Recruitment, Mental Health
If you are getting ready to, or have already welcomed your employees back to work from furlough, you will have all the measures in place to protect your employee’s physical health during the coronavirus pandemic.
But what about the mental health of your employees?
The thought of returning to work from furlough, extended furlough working, and working full time from home during the coronavirus pandemic can cause anxiety and stress for many of your employees.
Equally, findings have shown that anxiety of UK workers has increased over the last year with stress and isolation of home working playing a part.
What is mental health?
The World Health Organisation's definition of mental health is “where each individual realises their own potential, can cope with the normal stresses of life, can work productively and fruitfully, and is able to make a contribution to their community”
If you want to fully support the mental health of your recently furloughed employees and your employees who have been working from home, there are some steps you can take to make sure you are offering support for their mental health if they need it.
Why is mental health important right now?
Not only are we enduring a second national lockdown, but the days are also getting darker and colder. With added pressures and stress from work, home and personal life surrounding the pandemic, many could be struggling with mental health.
November is also National Men’s Health Awareness month. The office of national statistics shows that the suicide rate for men in England and Wales is at its highest than it has been in over 2 decades. According to the charity Movember, 70% of men say they can rely on their friends for help yet, only 48% actually do so.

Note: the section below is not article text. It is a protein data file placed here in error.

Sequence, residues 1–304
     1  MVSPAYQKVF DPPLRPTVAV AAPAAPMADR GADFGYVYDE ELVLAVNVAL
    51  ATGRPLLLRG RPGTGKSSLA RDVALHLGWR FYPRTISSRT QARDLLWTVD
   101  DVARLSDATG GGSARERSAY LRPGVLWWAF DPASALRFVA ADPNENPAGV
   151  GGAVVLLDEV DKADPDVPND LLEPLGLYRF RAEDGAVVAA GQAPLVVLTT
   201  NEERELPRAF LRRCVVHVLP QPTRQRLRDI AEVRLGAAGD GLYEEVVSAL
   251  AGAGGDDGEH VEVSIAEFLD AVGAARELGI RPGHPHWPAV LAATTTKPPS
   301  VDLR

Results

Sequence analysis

It can be even harder to ask for support and help when working from home, so how can you support the mental health of all your employees?
Steps to support your employee mental health during Covid19 pandemic.
Keep in regular contact with your employees
A good place to start with knowing how your employees are getting on at home or in the office is by organising regular check-ins. These work better as face to face, so can either be conducted via video or in-person outdoors or in the workplace at a safe distance. These are great opportunities to ask your employee questions around their wellbeing and will help to alert you to any signs of poor mental health. You do not need to be a mental health expert, but it helps to know about poor wellbeing and how to handle a disclosure of mental health condition.
Review performance and workload
Whilst some employees are more productive working from home, others have struggled during the pandemic. The stress of isolated working, juggling childcare and work, and increased working hours have caused the lines of home and work to overlap negatively.
From your regular check-ins, you should identify these stresses and recognise that expectations of work may need to be adjusted. This includes adjusting objectives, workloads, and deadlines to make sure they are achievable and can aid productivity.